CDF publishes a handbook on investigating minister abuse of ministers

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On Thursday, the Congregation for the Doctrine of the Faith (CDF) published a handbook designed to help dioceses and orders to follow Church guidelines on how clergymen allege sexual abuse of minors.

The 17-page document does not change the current canon law, but offers those responsible through clergy, professors or hierarchies "step-by-step instructions" to support canonical investigations of such abuse cases.

The introduction states that the aim of the Handbook or Vademecum is to help Church leaders "understand and implement the requirements of justice in relation to a delictum gravius ​​that is profound and painful for the entire Church Represents wound that cries out for healing ".

As mentioned in the handbook, “any external offense against the sixth decal of the Decalogue committed by a minister with a minor” is ultimately treated by the CDF, as such crimes are classified as a serious delictum (delictum gravius). Sexual abuse of vulnerable adults is treated in the same way because "a person who usually has the imperfect use of reason is considered equivalent to a minor".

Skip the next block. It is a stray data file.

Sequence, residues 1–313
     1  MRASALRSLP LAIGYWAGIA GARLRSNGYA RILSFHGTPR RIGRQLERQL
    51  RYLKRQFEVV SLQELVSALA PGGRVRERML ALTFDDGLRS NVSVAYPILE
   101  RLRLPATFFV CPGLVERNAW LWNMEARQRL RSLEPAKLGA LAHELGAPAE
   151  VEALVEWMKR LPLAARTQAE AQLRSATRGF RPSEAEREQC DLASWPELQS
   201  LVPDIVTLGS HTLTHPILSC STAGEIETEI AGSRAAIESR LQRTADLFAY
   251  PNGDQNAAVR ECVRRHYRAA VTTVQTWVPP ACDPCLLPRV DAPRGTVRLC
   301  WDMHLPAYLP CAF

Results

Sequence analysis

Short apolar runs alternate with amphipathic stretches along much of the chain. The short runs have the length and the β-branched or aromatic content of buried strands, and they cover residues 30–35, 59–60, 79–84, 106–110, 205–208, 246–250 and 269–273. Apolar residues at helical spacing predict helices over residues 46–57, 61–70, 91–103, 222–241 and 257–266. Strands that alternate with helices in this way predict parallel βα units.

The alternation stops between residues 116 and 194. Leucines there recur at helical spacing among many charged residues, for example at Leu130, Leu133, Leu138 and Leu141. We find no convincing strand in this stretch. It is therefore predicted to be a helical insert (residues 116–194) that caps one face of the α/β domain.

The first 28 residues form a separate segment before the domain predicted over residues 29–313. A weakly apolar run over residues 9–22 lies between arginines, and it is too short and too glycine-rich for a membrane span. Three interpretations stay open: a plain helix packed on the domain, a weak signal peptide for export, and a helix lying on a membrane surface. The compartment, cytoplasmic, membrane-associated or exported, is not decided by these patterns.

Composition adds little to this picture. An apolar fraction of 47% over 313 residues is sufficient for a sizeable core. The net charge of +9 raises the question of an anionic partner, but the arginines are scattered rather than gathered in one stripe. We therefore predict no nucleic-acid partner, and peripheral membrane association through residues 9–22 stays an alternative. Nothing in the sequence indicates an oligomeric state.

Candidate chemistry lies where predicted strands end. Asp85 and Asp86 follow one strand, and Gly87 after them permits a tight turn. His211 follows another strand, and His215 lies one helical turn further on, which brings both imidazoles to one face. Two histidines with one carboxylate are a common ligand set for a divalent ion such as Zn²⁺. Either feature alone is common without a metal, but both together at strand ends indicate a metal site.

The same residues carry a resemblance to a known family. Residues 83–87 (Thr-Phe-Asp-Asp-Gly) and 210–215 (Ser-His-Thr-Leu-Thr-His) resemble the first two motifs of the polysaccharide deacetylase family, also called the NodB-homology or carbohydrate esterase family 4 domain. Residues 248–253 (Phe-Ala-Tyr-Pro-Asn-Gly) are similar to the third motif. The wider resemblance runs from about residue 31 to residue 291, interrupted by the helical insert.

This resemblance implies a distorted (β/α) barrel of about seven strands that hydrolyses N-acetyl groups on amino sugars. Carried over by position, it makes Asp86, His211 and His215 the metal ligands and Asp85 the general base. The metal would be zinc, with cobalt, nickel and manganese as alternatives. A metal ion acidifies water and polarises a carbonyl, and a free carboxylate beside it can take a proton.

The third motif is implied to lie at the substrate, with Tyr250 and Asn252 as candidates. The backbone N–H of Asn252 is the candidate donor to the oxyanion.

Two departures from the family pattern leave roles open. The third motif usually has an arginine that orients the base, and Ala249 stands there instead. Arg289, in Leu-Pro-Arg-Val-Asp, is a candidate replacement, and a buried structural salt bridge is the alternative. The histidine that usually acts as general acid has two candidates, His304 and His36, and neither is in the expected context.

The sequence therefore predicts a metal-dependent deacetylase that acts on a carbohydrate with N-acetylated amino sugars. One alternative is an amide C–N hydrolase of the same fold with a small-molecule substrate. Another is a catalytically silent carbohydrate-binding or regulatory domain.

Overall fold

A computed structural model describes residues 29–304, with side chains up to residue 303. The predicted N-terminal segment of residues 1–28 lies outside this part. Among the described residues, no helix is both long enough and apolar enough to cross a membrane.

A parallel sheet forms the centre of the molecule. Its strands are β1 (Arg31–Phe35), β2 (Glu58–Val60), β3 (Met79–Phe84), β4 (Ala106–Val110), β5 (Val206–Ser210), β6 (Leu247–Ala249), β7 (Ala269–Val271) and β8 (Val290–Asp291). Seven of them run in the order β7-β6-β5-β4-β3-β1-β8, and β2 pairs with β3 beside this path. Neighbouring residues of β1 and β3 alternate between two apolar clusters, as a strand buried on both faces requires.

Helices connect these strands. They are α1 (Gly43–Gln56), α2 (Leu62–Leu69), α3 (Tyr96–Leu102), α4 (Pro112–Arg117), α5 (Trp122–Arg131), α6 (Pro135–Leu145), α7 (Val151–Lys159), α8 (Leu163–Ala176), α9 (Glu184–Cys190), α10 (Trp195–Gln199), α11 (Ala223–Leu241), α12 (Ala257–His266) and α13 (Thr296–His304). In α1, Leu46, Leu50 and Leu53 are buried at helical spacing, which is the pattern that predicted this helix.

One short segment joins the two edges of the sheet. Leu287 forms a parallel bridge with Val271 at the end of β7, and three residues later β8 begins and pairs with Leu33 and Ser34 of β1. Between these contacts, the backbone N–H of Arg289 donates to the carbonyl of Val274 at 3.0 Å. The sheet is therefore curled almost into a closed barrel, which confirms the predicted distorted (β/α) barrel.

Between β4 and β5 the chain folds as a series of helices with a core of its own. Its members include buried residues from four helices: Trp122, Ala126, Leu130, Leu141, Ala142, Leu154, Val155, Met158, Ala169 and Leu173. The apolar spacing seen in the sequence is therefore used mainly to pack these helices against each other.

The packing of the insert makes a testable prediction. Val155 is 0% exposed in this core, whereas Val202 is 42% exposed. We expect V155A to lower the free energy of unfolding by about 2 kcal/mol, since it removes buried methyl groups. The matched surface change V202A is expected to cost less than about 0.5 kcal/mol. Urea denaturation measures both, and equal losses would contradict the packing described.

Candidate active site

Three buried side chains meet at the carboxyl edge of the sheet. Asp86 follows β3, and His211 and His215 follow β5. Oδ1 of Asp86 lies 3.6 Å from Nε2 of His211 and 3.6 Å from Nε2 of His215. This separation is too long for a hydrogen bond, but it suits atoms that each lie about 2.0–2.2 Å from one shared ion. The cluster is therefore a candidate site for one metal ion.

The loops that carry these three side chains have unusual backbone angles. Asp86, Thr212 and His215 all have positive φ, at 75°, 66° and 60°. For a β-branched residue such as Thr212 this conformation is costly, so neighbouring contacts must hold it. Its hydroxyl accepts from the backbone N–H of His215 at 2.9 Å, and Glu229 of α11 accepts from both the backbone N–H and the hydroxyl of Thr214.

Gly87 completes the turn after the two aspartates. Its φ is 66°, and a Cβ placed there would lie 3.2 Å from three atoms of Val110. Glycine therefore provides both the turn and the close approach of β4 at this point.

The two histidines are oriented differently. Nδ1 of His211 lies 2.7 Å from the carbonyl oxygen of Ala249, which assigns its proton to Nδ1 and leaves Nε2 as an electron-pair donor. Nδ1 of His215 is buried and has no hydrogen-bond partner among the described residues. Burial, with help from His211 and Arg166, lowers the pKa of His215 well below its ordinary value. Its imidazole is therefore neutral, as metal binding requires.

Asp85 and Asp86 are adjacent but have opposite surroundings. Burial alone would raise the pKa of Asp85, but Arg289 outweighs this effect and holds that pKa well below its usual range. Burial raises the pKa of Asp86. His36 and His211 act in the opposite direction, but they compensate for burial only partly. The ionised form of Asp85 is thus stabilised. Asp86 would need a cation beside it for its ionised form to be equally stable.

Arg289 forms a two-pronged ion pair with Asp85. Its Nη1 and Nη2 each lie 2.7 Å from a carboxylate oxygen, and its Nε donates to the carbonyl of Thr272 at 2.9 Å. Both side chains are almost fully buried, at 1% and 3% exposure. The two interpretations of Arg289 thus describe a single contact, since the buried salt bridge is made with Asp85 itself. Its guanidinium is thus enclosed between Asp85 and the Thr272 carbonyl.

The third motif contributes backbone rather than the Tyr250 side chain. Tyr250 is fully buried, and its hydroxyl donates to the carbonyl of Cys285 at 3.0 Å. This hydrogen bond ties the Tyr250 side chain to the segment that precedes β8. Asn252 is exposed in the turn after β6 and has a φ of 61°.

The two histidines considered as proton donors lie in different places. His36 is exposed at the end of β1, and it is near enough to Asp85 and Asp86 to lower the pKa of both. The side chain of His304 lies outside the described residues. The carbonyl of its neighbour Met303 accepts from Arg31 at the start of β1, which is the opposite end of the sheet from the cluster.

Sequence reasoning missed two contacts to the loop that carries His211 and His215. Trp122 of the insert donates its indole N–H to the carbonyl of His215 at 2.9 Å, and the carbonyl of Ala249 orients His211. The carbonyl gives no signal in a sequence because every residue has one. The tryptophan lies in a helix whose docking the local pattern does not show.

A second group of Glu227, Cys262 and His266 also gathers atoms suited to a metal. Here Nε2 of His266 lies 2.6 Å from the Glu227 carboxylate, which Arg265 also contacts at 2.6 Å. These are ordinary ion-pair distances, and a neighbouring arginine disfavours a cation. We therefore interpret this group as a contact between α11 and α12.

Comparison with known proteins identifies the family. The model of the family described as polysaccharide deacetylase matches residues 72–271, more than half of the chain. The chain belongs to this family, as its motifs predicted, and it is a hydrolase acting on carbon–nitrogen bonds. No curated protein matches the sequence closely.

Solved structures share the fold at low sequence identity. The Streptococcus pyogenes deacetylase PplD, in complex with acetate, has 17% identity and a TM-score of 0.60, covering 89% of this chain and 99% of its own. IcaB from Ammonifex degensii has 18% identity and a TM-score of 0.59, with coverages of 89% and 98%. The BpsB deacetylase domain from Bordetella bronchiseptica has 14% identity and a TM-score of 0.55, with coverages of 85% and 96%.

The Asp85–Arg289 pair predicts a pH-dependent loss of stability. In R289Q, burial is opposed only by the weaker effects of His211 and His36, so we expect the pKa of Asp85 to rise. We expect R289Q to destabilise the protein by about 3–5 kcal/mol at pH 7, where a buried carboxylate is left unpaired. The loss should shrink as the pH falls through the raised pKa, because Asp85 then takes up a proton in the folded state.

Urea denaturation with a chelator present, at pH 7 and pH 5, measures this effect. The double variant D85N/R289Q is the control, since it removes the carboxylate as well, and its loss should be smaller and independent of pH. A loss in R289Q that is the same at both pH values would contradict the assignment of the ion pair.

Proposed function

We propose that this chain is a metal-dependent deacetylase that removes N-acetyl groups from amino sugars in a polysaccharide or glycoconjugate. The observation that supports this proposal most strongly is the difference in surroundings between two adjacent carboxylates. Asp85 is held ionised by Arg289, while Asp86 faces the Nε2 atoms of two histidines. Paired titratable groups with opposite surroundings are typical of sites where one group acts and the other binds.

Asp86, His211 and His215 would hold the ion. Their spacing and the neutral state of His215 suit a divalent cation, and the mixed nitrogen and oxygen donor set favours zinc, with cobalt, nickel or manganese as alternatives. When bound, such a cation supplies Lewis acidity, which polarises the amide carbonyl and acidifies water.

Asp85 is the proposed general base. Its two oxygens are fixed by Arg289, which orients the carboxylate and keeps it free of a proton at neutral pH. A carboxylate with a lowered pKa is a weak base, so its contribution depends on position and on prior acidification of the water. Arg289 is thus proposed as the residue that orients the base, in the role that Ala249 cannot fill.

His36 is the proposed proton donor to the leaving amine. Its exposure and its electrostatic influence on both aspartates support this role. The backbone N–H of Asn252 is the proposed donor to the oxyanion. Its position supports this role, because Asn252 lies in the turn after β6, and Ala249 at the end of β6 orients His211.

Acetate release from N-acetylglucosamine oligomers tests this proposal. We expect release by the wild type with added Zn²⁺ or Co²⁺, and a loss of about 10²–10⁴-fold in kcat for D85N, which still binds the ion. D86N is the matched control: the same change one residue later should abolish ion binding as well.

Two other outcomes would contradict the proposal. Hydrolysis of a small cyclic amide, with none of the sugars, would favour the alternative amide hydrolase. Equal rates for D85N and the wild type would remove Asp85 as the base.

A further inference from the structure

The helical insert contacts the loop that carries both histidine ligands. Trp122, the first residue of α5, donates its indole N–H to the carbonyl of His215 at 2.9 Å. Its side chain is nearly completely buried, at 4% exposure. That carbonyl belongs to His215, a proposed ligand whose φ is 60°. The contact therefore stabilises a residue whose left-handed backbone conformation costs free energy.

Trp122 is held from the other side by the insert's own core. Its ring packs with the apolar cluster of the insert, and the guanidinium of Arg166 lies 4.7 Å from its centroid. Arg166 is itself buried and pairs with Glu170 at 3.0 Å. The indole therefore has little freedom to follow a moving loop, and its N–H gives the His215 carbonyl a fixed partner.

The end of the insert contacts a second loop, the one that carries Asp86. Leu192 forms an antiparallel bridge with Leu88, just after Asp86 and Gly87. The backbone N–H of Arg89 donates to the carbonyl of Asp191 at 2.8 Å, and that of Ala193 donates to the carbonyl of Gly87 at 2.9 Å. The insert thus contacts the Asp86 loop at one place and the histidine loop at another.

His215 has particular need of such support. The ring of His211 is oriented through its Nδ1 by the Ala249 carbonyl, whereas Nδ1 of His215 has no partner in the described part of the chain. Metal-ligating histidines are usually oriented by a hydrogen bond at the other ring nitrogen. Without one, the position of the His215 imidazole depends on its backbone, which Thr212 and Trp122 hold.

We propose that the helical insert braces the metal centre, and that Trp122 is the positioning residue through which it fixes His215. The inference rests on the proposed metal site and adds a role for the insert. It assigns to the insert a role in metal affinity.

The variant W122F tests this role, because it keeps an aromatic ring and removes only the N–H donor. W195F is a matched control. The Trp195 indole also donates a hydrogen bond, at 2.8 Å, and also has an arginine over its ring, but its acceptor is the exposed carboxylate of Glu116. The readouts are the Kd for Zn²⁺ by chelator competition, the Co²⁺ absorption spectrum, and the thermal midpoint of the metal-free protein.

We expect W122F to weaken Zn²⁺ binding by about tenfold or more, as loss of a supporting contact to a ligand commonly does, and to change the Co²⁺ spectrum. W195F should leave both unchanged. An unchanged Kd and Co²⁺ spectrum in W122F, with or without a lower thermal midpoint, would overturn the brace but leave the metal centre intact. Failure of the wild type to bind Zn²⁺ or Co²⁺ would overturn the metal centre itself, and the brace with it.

The handbook mainly deals with how to conduct preliminary investigations into allegations, which information must then be forwarded to the CDF and how the CDF is likely to react to information that it receives in the course of criminal proceedings.

In the course of a preliminary investigation, an ordinary or hierarch must obtain relevant data and determine the plausibility if he receives information about possible abuse, whether directly from a suspected victim or in some other way.

The handbook states that such preliminary examinations must be carried out before the process “independently of the relevant investigations by the civil authorities”. It also says that investigators are “obliged to respect the secret of the office” to ensure fair trial and “defend the good name of those involved”.

However, the CDF adds that civil authorities can continue to be informed of the process and that "the obligation to remain silent about the allegations cannot be imposed on those who report the matter, a person who claims to have been injured, and witnesses ".

Often referring to the continuing need to consult canon law, legal experts, and the CDF when investigating minister abuse of ministers, the document concludes by stating that it "does not claim the training of canon law practitioners, particularly with regard to criminal law, replacing and procedural issues. Only a profound knowledge of the law and its aims can serve the truth and justice, which are to be sought especially in questions of the graviora delicta due to the deep wounds they inflict on the ecclesial community. "

The Vademecum is one of the last documents published from the documents announced at the Vatican Abuse Summit in 2019. In addition to the code of canon law, the handbook advises those investigating allegations to refer to one of the first of these post-summit documents, Pope Francis Vos estis lux mundi, to ensure that bishops and religious superiors are held accountable for handling abuse cases .

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